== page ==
WebMD Health News
Laura J. Martin, MD
May 14, 2010 -- The effects of early child care may be more long-lasting than commonly believed, according to a new study.
At age 15, teens who had high-quality child care in their early years performed better on academic and cognitive tests than did other teens, and they had fewer adolescent behavior problems, says study leader Deborah Lowe Vandell, PhD, professor and chair of education at the University of California, Irvine.
''We think a lot of people expect the effects of early child care would fade away by age 15," Vandell tells WebMD. "We found they didn't. Children who were in early high-quality child care did better academically and cognitively at age 15, compared to other children in the study."
Teens with a quality child care background also had fewer problem behaviors, such as breaking rules, hanging out with kids who get into trouble, and arguing, the researchers found.
The study is published in the journal Child Development.
The new findings add to previous research on the same group of about 1,300 children, born in 10 cities across the U.S. in 1991 and followed up over the years. The study is the National Institute of Child Health and Development’s Study of Early Child Care and Youth Development.
In previous reports, Vandell and her colleagues found that children who had early, high-quality child care did better academically and cognitively at grade 5.
"What we also found in previous reports is that children who attended child care for more hours displayed more acting out in early childhood."
The researchers rated the quality of a child care program by observing, noting the caregivers' behavior with the children, and evaluating how sensitive and responsive they were to the child's needs, among other measures.
Vandell and her team then collected the results of standardized school tests measuring achievement and cognition and collected information from the teens, their families, and school personnel.
At the age 15 follow-up, results were obtained for 70% of the original participants.
The backgrounds of the children were diverse, including middle class and low income, two-parent families, and single-parent families.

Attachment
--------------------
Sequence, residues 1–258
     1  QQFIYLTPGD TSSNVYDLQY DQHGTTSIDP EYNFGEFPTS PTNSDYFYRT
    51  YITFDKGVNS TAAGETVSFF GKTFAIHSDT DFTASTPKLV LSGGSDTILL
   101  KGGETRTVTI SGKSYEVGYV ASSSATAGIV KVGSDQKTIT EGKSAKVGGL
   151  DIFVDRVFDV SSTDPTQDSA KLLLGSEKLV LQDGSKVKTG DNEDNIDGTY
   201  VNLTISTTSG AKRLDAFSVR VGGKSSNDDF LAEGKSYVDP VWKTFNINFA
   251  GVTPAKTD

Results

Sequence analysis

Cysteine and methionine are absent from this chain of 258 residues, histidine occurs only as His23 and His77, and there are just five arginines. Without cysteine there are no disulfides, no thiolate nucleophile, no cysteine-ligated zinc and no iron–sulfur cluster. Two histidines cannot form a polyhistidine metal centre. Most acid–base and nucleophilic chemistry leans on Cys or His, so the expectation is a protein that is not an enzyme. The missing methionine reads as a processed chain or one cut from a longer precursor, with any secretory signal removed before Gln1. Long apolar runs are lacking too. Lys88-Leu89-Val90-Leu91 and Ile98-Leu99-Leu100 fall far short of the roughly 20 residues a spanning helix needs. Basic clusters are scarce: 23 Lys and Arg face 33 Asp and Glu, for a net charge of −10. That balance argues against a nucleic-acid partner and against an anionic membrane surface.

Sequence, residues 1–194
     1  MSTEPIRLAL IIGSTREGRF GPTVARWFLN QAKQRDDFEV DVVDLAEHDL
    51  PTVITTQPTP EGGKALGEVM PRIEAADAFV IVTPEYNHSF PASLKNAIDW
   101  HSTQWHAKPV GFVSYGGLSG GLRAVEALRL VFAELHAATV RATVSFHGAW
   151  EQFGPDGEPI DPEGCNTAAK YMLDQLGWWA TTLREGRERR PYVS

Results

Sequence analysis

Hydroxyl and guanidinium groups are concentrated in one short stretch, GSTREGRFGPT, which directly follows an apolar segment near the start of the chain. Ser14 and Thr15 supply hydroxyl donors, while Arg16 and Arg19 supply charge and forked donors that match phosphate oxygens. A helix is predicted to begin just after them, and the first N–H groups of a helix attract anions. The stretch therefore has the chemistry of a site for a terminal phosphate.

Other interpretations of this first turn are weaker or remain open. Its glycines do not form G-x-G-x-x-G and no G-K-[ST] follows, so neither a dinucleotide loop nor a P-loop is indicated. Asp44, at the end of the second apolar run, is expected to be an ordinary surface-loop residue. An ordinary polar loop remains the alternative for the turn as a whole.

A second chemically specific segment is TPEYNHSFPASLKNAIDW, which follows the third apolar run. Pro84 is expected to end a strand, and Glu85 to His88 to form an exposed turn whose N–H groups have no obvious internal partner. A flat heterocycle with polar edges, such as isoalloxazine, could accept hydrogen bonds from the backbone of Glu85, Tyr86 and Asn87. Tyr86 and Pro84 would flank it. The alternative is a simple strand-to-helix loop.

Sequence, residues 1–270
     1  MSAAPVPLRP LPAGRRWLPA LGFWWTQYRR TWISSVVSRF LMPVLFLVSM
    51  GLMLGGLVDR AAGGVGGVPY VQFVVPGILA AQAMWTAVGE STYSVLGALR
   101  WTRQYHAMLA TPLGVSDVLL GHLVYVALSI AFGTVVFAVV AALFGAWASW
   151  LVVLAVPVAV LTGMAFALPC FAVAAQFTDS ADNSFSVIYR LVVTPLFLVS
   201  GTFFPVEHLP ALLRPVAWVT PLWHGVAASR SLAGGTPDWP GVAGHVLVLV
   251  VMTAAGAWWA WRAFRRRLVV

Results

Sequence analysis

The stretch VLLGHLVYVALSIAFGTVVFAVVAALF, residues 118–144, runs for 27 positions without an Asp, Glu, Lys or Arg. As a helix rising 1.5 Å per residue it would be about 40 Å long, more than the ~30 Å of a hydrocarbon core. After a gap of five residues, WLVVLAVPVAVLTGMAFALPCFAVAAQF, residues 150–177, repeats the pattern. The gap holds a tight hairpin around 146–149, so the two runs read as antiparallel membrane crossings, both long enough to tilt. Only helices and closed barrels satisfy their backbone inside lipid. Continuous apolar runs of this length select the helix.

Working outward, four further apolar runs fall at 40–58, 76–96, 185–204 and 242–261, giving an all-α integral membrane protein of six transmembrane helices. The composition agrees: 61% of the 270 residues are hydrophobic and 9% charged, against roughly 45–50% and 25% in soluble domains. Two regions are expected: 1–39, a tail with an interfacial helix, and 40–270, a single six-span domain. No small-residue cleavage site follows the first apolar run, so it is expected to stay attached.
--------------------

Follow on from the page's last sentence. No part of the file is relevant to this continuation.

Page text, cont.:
In the study, Vandell says, "90% had some type of child care experience. It could be preschool, nursery school, child care in the home, home care by babysitters, or nannies. The hours varied, from seven to about 60 [weekly]."
Only 41% had child care classified as high or moderately high quality.
How much better did the kids with high-quality child care do? On a test of academic and cognitive achievement, Vandell says, "the children who had high-quality child care scored 5.3 points higher, on average."
To put that in perspective, the average score, in general, on the test is 100. Her study participants, overall, scored 106 on average. The teens with high-quality child care scored 5.3 above that, she says.
Those who had high-quality child care tended to have fewer ''acting out'' problems as teens, they found.
The more hours the teens had spent in early child care during their first four and a half years, the more risk taking and impulsivity they reported as teens, the researchers found, but that was partly compensated for by the effects of quality care on fewer acting-out behaviors.
Although the effects were small, they're important, the researchers say, and they don't fade away over the years.
The messages from the new study are clear, says Ellen Galinsky, president of the Families and Work Institute in Washington, D.C., who reviewed the findings for WebMD. "Quality matters, and the way this study measures quality is to look at the relationship between the child and the child care provider over time. Is it warm, is it caring?"
Even if a teen's child care program was not high quality, parents can compensate, she says. "It's never too late. Whatever positive [things] their child is interested in, they can build on and extend," she says. "Motivation begets motivation."
Likewise, if a child is too aggressive and in danger of behavioral problems, experts know a lot more now about how to help that child than they did at the study start in 1991, Galinsky says. One technique, for instance, is teaching a child ''perspective taking," where a child is taught to ''read'' another child's state of mind to guide his own behavior and avoid conflict, Galinsky says.
How can parents decide if a child care setting is high quality?
Vandell suggests getting referrals to child care programs from friends, then selecting two or three programs that sound good.
''Talk to the people on the phone, and then go observe," she says. Stay for several hours or half a day if possible. Don’t focus only on the caregiver, she says. Instead, pick a child or two who matches your own in age, behavior, personality, and energy level, if possible. See how each child and the caregivers interact.
Check to see if your state has an evaluation program for guidance, Vandell says.
Pay attention to the environment when you observe, says Galinsky. ''If the kids all run over to you when you walk in," she says, "they're bored."
"If all the art work is the same, the teachers are entertaining the children," she says. If the children are encouraged to be creative in their artwork, it's a good sign, she says.
SOURCES:Deborah Lowe Vandell, PhD, professor and chair of education, University of California, Irvine.Vandell, D. Child Development, May/June 2010, vol 81, Issue 3.Ellen Galinsky, president, Families and Work Institute, Washington, D.C.
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